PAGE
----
• Non-Continuous Operation: The tool doesn't run continuously, meaning it needs manual initiation for each scan.

The Engineer’s Toolset is a single package for all 60 utilities, including the Ping Sweep tool. The software package runs on Windows Server or Windows. You can examine the package by accessing a 14-day free trial.


The SolarWinds Ping Sweep tool in the Engineer’s Toolset is our top pick for an IP address discovery tool because it provides fast network scanning for a given range or list of IP addresses. To get a sweep of the entire network scan, the user just has to enter a very wide address range. Results include the response time to each node and the hostnames that are taken from the local DNS server.

Official Site: https://www.solarwinds.com/engineers-toolset/registration

OS: Windows and Windows Server

ManageEngine OpUtils Network Monitoring Toolset

ManageEngine OpUtils combines an IP address manager, a switch port mapper for MAC address discovery, and a port scanner to identify open TCP and UDP ports on all devices. This combination delivers all address-related functions that you will need in order to fully manage your network.

Key Features:

  • IP Address Manager: OpUtils IP address manager, provides users with a centralized tool for efficient management and organization of IP addresses within the network.
  • Subnet Planner: The subnet planner feature assists in planning and optimizing network subnets. This helps network administrators allocate and manage IP address spaces more effectively.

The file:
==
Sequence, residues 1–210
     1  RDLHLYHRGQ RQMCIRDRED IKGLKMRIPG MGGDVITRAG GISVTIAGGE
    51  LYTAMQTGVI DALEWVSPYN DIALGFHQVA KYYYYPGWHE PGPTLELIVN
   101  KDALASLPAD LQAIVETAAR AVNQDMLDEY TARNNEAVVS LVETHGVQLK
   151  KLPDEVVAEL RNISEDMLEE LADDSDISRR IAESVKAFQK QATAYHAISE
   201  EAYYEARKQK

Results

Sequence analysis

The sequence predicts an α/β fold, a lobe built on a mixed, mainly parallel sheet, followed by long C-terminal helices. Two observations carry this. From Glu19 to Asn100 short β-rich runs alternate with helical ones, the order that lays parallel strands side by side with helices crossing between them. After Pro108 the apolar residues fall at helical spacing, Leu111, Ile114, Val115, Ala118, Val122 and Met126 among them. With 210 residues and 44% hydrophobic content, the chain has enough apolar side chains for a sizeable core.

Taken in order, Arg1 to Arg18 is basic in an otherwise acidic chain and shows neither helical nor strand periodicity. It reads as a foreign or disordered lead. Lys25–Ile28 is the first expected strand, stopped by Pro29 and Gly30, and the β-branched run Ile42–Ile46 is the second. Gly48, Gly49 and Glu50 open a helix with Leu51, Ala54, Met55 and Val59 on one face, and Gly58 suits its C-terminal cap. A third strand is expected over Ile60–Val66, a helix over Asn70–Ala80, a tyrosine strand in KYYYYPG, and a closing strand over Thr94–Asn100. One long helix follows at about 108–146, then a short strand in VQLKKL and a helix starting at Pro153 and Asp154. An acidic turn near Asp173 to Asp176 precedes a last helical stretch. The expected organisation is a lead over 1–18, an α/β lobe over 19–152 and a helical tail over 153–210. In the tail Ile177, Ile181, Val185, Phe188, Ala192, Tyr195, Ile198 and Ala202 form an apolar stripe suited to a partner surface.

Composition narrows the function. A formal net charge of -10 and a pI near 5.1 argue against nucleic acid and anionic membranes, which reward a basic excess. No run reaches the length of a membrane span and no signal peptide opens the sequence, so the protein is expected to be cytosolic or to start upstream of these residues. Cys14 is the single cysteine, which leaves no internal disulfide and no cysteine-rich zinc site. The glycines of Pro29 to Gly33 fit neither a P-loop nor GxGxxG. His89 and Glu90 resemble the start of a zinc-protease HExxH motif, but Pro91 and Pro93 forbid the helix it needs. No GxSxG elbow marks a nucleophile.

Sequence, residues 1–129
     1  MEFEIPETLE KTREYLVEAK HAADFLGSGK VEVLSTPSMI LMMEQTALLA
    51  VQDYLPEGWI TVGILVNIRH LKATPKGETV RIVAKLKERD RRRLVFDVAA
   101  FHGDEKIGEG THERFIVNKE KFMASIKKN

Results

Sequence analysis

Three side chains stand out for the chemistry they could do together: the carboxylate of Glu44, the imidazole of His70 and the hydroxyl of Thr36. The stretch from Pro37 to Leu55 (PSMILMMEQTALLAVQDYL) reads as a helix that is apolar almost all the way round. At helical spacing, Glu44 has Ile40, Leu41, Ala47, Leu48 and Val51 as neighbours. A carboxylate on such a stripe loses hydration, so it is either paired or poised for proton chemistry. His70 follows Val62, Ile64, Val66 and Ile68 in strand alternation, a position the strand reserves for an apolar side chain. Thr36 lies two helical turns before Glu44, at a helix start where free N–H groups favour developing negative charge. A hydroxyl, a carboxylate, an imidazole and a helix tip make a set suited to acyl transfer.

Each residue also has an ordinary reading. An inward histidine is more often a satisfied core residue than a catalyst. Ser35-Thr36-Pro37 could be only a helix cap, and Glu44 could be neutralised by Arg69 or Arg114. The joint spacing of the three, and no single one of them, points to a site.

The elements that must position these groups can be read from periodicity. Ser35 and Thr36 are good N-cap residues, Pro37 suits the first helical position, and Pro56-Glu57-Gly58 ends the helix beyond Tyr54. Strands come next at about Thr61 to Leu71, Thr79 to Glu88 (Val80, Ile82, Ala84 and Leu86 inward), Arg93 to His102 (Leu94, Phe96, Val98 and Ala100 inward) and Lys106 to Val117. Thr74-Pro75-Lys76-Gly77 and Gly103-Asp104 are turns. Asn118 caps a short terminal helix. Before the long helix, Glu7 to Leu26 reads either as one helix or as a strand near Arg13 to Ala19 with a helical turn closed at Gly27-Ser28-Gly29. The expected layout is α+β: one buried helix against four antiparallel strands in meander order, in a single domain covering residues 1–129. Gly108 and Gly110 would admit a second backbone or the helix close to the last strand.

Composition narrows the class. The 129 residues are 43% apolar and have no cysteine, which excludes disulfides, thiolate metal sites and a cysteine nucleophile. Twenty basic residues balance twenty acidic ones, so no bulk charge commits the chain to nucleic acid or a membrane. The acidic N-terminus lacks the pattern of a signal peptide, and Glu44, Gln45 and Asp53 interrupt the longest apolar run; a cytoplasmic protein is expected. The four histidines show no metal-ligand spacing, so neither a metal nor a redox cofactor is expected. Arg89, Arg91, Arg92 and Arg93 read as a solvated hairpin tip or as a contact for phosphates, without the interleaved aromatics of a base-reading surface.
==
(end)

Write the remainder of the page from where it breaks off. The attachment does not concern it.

• Identification of Abandoned Addresses: This functionality aids in reclaiming and optimizing IP resources.
  • Robust Utilities Suite: This feature ensures that OpUtils provides a holistic solution for address-related functions in network management.

Feature Distinction

The uniqueness of OpUtils is its robust suite of utilities. It includes an IP address scanner, subnet planner, tools for identifying abandoned addresses, and advanced configuration and diagnosis features.

Why do we recommend it?

We recommend ManageEngine OpUtils for its efficient network management capabilities. OpUtils offers an IP address manager as part of its utility suite, so you can discover all connected devices, and their associated IP addresses, and then manage them from a single console.

The IP address manager is, in itself, a suite of utilities. This group of services includes an IP address scanner. This will discover all of the devices connected to your network and list the IP addresses allocated to them. The IPAM is able to produce IP address reconciliation reports that will enable you to update your native DHCP server in case it fails to notice expired address leases.

The IP address tracker service in the bundle can produce a hierarchical view of your network, enabling you to identify subnets and the allocation of addresses to each. DHCP management tools in the pack let you manage subnet address pools. The switch port mapper identifies each device by MAC address and switch port number. The port scanner in OpUtils lets you see which TCP and UDP ports on each device are open.

OpUtils is available for Windows Server and for Linux.

Who is it recommended for?